Angel Exerpt of the Day: “Magnificent in its Symbiosis”

Angel is set to be released on September 27 in print and ebook versions.  Although it does not yet appear to be available for pre-order, it is listed on OmniLit (the ebook site).  (You can also get my book Broke is Beautiful there) They have included an excerpt of the first two chapters.  I will post some excerpts of the excerpt here to tempt the palate.

THE mountain is nothing but itself. It does not speak. It has no message, and yet it is the great metaphor maker. It reflects what the traveler brings to it: a getaway, quiet majesty, a challenge, security, or danger. It is all these things or none of them, and the traveler sees whichever he looks for in it. For millennia people have come to high mountains and sat at their feet or scaled their peaks, hoping to return with the answer to a question.

Six days a week, from Tuesday through Sunday, Paul Tobit drove a sightseeing bus on the winding roads at the base of Mount Rainier in Washington. People often asked him if he got tired of the view. He never did. The mountain was vast enough to provide endless material for wonder and contemplation. There was the sheer majesty of the towering peak, the way it changed with the seasons and the weather, the sense of danger and foreboding that came with its snow cap, where the oxygen was thin and adventurers risked life and limb for the chance to say they reached the summit.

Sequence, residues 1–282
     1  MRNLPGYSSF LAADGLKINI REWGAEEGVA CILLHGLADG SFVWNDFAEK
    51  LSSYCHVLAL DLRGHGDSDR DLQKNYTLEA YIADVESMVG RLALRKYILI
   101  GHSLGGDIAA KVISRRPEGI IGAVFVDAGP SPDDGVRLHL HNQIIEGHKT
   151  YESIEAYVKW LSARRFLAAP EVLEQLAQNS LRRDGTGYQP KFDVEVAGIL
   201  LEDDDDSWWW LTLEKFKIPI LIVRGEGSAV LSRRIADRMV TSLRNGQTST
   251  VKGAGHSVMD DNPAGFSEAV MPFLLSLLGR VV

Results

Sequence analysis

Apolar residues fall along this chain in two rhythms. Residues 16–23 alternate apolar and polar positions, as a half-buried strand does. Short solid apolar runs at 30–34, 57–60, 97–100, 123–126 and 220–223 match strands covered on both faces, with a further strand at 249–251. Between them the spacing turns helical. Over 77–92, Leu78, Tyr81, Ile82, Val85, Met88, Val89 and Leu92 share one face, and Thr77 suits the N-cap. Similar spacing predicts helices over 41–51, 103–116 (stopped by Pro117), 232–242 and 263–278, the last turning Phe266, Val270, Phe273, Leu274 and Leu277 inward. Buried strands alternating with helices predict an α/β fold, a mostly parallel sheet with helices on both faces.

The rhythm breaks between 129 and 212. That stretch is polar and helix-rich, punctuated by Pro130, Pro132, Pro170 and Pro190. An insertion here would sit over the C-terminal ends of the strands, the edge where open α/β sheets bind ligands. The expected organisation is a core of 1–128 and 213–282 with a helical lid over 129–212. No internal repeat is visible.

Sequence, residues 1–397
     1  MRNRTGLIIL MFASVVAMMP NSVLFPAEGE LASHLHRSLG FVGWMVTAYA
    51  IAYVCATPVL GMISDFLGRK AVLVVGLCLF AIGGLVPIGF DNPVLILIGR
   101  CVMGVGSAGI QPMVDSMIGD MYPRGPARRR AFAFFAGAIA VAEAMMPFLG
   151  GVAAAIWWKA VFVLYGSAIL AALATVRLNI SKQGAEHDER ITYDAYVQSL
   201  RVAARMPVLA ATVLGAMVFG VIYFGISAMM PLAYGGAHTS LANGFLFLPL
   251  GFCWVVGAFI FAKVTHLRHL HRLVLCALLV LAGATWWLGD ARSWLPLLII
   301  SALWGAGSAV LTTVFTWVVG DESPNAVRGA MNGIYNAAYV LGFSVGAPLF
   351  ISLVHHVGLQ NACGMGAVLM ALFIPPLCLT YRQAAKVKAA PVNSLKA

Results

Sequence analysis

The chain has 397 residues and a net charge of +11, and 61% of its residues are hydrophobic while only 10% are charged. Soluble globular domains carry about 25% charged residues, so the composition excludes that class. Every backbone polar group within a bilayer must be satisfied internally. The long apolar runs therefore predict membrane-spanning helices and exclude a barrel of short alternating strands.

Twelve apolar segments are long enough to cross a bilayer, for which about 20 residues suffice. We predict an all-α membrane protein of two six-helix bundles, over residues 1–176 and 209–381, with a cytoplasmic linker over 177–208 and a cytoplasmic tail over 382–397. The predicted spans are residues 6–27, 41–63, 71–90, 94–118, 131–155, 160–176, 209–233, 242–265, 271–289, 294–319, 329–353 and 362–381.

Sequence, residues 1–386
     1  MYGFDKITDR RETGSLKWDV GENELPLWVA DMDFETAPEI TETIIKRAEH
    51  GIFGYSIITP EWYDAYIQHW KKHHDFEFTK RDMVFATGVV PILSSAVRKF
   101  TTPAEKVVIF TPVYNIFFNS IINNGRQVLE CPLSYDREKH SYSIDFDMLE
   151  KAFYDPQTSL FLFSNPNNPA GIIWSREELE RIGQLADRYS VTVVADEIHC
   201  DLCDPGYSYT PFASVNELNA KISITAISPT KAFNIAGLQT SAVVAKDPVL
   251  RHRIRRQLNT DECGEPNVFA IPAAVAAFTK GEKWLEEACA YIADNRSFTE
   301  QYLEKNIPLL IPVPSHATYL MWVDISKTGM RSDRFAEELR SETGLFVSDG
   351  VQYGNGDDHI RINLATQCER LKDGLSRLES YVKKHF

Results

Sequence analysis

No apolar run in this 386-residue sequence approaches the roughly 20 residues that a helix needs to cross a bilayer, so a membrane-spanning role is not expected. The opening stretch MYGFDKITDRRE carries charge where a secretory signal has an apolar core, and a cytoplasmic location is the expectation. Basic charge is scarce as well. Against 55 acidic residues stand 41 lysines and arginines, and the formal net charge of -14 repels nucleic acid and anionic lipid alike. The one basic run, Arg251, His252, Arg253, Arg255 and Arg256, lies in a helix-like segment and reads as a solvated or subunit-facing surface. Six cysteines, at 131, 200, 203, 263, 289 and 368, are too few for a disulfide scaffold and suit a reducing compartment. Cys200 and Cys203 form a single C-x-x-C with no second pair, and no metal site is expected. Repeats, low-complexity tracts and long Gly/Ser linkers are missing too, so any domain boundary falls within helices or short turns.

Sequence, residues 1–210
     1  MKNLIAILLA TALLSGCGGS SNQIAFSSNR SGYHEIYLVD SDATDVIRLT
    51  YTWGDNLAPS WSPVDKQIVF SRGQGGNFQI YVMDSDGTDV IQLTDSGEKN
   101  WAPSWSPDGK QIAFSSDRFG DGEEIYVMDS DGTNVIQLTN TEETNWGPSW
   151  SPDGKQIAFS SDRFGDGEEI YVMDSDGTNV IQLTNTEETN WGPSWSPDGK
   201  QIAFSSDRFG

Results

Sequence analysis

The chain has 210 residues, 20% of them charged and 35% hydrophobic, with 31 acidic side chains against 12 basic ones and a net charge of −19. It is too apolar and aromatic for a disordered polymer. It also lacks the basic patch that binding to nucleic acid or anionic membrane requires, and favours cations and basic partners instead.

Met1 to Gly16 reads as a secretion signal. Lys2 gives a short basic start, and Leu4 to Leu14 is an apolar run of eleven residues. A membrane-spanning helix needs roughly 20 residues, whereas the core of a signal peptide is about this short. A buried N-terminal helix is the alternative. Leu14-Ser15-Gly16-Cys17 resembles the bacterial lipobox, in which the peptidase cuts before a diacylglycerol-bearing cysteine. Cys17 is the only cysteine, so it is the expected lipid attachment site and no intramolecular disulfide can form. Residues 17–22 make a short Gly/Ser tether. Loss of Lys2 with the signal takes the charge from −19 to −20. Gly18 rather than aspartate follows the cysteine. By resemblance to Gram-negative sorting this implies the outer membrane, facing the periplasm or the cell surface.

“Magnificent in its symbiosis.” Those were the words Paul usually used on his tours to describe Rainier. Up on the mountain, everything is interconnected. The logs fall and they turn into mulch, which becomes soil for new trees. There’s an algae up there that grows in a wispy hanging vine. It somehow draws from the tree without choking it. To Paul, it was evidence of the hand of God.

The philosopher Edmund Burke described two different responses to natural beauty in his treatise On the Sublime and Beautiful: one originated in love, the other in fear. Fields full of flowers, meadows and ponds covered in lilies were comforting; they gave people a sense of harmony and security. They were pretty, but they were not sublime. To be sublime, a landscape had to evoke not only beauty but terror—a sense of something so great, so enormous, with a life span so long that we can scarcely comprehend it. It renders us weak and insignificant in comparison.

Angel by Laura Lee published by Itineris Press, release date September 27, 2011

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